Both ride very similarly, although the steering of the Isuzu does feel a bit more choresome and heavy around town.

After a few days behind the wheel, I found myself preferring the more gruff but torquier experience behind the wheel of the MU-X, even though there is precious little splitting them apart.

They both returned good fuel economy figures, with the Isuzu being slightly more efficient. Claimed numbers are 7.9 versus 8.0 litres per hundred, on the combined cycle. We came within one litre per hundred kilometres of these numbers, across a variety of driving scenarios.

Using the eight-speed gearbox, the Pajero Sport is undoubtedly the more refined of the two. Its wider range of ratios allows the revs to stay down, keeping a reasonably muted engine stay mostly hushed under the bonnet.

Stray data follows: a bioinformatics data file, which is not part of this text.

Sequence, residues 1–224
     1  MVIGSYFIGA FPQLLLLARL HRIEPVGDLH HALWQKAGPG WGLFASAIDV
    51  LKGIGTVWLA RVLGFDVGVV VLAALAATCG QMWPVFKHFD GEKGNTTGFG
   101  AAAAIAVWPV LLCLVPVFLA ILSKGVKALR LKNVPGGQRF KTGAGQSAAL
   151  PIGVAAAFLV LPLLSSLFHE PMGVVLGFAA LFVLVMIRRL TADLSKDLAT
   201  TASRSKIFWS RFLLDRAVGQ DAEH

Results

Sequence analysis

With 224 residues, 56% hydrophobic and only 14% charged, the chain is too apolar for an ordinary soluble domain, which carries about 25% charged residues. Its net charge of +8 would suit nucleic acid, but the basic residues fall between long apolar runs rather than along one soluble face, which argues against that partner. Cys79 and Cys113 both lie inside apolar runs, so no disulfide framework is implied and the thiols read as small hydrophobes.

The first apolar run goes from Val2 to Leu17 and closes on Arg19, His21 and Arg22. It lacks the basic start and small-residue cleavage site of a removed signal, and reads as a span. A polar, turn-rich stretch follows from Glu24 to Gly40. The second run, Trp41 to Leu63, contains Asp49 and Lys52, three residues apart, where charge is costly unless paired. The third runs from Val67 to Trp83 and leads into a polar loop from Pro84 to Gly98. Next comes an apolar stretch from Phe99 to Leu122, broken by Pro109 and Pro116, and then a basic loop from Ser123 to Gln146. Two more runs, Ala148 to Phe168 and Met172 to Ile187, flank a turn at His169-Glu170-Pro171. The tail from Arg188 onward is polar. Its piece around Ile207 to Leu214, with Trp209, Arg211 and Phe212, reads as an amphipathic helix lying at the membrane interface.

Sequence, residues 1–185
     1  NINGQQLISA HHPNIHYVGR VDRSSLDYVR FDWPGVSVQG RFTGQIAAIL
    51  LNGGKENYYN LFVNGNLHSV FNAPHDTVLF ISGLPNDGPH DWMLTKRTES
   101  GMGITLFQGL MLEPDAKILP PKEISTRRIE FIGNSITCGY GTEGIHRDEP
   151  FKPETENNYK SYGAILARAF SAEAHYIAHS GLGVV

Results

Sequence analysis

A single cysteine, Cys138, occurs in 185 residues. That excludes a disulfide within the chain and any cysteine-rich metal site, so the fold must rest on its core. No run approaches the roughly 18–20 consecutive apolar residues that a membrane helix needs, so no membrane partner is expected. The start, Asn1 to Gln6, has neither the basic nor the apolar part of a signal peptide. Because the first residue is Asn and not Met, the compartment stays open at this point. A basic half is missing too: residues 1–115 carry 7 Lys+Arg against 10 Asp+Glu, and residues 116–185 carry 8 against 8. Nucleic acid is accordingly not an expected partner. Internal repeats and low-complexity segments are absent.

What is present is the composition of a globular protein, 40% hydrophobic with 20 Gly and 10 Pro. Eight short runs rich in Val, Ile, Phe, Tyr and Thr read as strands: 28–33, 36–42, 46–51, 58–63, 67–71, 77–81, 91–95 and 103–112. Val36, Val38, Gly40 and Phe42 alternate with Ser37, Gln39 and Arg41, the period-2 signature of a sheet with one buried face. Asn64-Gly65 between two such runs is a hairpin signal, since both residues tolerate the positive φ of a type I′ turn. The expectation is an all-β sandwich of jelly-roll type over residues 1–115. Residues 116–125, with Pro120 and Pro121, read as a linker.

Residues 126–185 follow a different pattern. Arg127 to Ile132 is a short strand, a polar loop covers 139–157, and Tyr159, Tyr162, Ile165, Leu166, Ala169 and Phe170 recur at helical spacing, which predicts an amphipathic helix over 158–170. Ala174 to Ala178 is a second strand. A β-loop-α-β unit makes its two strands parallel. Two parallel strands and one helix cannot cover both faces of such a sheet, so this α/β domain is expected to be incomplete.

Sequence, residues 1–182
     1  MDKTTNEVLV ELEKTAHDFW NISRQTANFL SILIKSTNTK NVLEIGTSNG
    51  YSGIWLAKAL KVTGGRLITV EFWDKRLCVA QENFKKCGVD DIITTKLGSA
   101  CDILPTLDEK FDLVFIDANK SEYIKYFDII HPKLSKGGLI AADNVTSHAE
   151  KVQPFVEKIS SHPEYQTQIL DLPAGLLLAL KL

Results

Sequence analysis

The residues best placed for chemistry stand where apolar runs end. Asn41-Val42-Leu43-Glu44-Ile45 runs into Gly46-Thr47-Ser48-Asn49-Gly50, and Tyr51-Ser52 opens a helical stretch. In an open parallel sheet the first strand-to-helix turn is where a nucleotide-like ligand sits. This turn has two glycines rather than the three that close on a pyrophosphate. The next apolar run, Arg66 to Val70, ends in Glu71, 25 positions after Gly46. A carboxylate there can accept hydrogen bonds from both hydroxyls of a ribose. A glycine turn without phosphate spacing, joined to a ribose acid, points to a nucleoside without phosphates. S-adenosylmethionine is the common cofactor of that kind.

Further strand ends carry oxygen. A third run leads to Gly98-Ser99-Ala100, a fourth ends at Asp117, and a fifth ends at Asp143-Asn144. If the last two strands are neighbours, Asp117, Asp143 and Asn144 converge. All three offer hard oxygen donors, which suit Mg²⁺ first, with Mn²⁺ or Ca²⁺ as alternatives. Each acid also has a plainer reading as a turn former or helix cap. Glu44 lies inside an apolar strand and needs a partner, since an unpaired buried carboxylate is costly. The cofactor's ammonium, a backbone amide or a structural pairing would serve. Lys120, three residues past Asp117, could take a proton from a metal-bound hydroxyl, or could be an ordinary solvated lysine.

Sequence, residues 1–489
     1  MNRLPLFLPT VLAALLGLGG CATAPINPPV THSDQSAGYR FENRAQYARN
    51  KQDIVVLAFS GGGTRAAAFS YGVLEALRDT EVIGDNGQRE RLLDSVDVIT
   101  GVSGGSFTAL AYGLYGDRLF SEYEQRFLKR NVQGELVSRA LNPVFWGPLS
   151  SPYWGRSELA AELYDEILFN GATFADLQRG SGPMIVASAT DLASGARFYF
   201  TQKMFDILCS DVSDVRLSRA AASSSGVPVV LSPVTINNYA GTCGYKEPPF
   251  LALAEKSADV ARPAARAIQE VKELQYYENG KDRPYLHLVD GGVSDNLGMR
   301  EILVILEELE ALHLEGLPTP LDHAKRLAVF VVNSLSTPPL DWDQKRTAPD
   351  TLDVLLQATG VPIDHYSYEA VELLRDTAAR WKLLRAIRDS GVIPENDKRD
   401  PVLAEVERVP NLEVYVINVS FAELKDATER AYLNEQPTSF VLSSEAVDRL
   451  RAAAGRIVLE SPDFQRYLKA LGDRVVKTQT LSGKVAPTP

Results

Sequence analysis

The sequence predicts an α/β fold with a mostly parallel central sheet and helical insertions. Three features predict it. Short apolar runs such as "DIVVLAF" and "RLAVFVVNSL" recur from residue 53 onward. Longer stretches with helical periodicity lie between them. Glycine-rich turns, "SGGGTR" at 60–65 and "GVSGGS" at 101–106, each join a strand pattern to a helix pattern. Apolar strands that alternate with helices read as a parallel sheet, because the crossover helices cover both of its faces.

The gearbox can get caught out, however. During my driving, I did experience a handful of odd clunks and awkward thuds as gears and throttle inputs didn’t meet harmoniously.

The Isuzu’s gearbox is simple, basic and mostly faultless. It shifts slowly and methodically, with little in the way of extraneous activity. Having part-time 4WD means it’s not as sure-footed on-road across low-traction surfaces, while the Pajero Sport’s centre differential and front axle disconnect literally gives you the best of both worlds.

While Isuzu has made good progress in quietening down its stalwart 4JJ1 performer, it’s still a bit rough around the edges in comparison to the Pajero Sport. It ticks away with an industrial hum, which turns into a gravelly roar when revving hard. It’s an engine made to live best between the idle and mid-range, with a nice delivery of torque right across the area.

In this regard, it feels more accomplished than the Pajero Sport, which has a less relaxed, shift-happy nature about it when cruising about town. When working hard, my seat-of-the-pants tells me that there is little that separates them.

Servicing and warranty